Mental Health Care That Honors the Lives of Older Adults

Elderhood: Continuing to Grow Amidst the Losses

Getting older can be a difficult experience. Some degree of loss is inevitable with the aging process. As we get older, we are bound to experience:

  • The loss of significant relationships
  • The loss of physical or cognitive abilities
  • The loss of independence
  • The loss of certain roles

It can be challenging to adapt to, and make peace with, the changes that come as a part of getting older.

Challenges For Caregivers

Caregivers of older adults also face challenges. The risk of burnout is high. Caregivers may feel strong feelings of guilt, anger, resentment, depression, anxiety, or grief. In caring for the person, they may struggle with:

  • the change in relationship: new roles, different dynamics
  • the physical and emotional demands of providing care
  • managing other family conflicts that may arise
  • financial concerns

At the same time, old age can be a time for profound growth. The process of aging invites a person to:

  • rediscover who they are
  • find new ways for making meaning and identifying life purpose
  • grow spiritually or transpersonally

You’re not alone

If you’re a concerned caregiver of an older adult, know that you aren’t alone. And if you’re an older adult looking for a different kind of aging experience, know that you are also not alone. While we all decline in some ways as we age, it is still possible to maintain a high quality of life that provides one with dignity and respect. What quality of life looks like will be different for a person at the different phases of life, but it is possible to maintain throughout life. There are healthy, engaging, non-pharmacological ways of coping with the more uncomfortable aspects of aging.

Aging Unlike Any Other Generation

Older adults today are experiencing aging in a way that is unlike any other generation. Today’s older adults generally have access to resources that will allow them to maintain a high quality of life. At the same time, many people are living with chronic health conditions and are coming to older adulthood at a challenging and uncertain time in our society. This can bring up a whole slew of strong, uncomfortable feelings and concerns.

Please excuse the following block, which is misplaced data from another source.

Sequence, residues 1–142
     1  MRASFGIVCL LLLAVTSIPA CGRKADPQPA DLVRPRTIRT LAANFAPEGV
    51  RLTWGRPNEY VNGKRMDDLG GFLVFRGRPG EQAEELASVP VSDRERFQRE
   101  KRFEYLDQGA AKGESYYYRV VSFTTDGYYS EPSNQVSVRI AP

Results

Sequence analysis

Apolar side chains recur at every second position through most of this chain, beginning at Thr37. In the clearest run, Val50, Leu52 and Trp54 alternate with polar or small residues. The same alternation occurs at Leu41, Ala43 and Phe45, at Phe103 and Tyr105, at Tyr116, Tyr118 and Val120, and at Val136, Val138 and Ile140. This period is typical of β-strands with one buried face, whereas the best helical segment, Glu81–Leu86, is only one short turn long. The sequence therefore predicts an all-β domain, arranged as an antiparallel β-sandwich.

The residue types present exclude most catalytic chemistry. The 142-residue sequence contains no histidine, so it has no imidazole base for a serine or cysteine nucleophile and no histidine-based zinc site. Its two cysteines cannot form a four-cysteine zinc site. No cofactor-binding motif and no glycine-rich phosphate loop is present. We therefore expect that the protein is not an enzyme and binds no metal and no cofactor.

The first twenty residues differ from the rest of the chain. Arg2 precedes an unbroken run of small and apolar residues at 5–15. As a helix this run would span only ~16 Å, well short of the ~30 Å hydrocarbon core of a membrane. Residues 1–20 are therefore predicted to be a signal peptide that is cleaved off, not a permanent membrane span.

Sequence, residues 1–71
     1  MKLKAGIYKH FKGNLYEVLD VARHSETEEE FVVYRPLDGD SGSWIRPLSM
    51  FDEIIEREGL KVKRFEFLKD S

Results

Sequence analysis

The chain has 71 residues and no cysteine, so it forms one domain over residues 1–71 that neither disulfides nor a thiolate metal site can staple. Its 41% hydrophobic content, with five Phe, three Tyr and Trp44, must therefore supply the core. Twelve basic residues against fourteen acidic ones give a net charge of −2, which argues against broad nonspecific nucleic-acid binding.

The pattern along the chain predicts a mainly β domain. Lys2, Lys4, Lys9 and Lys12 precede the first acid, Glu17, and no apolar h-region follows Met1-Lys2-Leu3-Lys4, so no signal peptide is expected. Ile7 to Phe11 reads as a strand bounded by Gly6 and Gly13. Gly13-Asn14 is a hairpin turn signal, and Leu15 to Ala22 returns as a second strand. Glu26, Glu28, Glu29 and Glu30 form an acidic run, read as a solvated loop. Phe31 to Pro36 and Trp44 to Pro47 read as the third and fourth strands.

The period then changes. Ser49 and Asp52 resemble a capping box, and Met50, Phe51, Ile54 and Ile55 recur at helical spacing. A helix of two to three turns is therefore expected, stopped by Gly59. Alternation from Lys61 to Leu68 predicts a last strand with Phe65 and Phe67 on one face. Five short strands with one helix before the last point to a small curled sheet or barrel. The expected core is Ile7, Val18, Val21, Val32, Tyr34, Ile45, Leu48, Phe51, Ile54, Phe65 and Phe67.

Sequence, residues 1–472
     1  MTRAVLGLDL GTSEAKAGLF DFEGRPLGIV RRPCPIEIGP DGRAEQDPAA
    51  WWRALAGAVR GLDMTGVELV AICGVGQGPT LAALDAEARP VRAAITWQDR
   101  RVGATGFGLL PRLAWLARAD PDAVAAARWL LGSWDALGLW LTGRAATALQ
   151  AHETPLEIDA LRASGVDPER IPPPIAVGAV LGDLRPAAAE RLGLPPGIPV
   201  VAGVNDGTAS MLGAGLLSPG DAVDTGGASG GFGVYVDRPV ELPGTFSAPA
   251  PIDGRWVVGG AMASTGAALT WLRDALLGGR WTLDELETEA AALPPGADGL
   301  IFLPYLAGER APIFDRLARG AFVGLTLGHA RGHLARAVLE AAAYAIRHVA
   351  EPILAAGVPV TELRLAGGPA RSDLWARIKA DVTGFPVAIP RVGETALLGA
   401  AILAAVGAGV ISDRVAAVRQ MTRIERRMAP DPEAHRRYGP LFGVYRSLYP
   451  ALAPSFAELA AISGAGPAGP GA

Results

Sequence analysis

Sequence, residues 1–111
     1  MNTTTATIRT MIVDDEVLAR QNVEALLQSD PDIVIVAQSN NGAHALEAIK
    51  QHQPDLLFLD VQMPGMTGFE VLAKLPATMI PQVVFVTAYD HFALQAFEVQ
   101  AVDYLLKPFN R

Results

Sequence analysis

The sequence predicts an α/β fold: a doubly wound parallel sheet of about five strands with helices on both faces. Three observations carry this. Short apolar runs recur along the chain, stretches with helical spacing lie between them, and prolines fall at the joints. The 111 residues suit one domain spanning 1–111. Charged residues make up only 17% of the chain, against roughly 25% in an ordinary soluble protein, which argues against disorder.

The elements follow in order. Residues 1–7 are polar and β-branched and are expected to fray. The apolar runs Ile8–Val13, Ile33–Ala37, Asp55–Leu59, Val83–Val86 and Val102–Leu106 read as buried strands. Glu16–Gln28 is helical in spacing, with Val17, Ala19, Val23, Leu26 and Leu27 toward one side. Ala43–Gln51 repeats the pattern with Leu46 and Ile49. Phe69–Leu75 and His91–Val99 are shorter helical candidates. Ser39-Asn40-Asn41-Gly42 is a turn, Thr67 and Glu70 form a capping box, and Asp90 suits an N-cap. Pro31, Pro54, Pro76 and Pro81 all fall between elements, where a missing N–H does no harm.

I’m Beginning to See the Benefit of Therapy, But…

How often would we meet, and how much does it cost?

The length of therapy varies by person. This can be due to a variety of factors. Typically, there is a period of few months where weekly therapy sessions are necessary, but then it can taper off to every two weeks, to once a month, to no longer even being necessary. Some people may benefit with an occasional check-in. It all depends on a person’s circumstances. In general, the more complicated and complex a person’s situation is, the more time that may be needed. The music therapy and counseling services offered by SoundWell Music Therapy are an hour-long and cost $90 an hour when provided in Longmont, or $100 when provided outside of Longmont.

My loved one or I am home-bound. Can you come to us?

Yes, we can come to clients if they live in Boulder County. This includes going to long-term care communities.

How could music make therapy more effective for my loved one or me?

Music can “amplify” the insights and skills gained from therapy. This is because music affects us in many different ways. We are neurologically and physiologically hard-wired to respond to music. Music can help us relax, reduce feelings of anxiety, or relieve feelings of depression. As well, music can connect us to unrecognized thoughts and feelings, while also serving as a means of communication and self-expression. Music can stimulate memories, which can help us create meaning from our lives. Furthermore, music is accessible to everyone, regardless of age or ability. We can create new ways of being by engaging with music.

How is music therapy different from taking music lessons?

Music therapy is different from music lessons because each has a different goal or focus. In therapy, the focus is on achieving some benefit or relief in an area of being that has been negatively affecting one’s ability to function in life. Music within the context of therapy can be thought of as a tool and a vehicle for personal exploration, growth, and development.

Whereas the focus of music lessons is on the development of musical skills. A person may find music lessons to be therapeutic, but the goal of lessons is musical development, not therapeutic benefit. We do provide adapted music lessons to those who may benefit from an adapted approach. See our Studio Policy for more information.

Faith also offers community singing groups through Longmont Recreation Services and the Center for Musical Arts in Lafayette.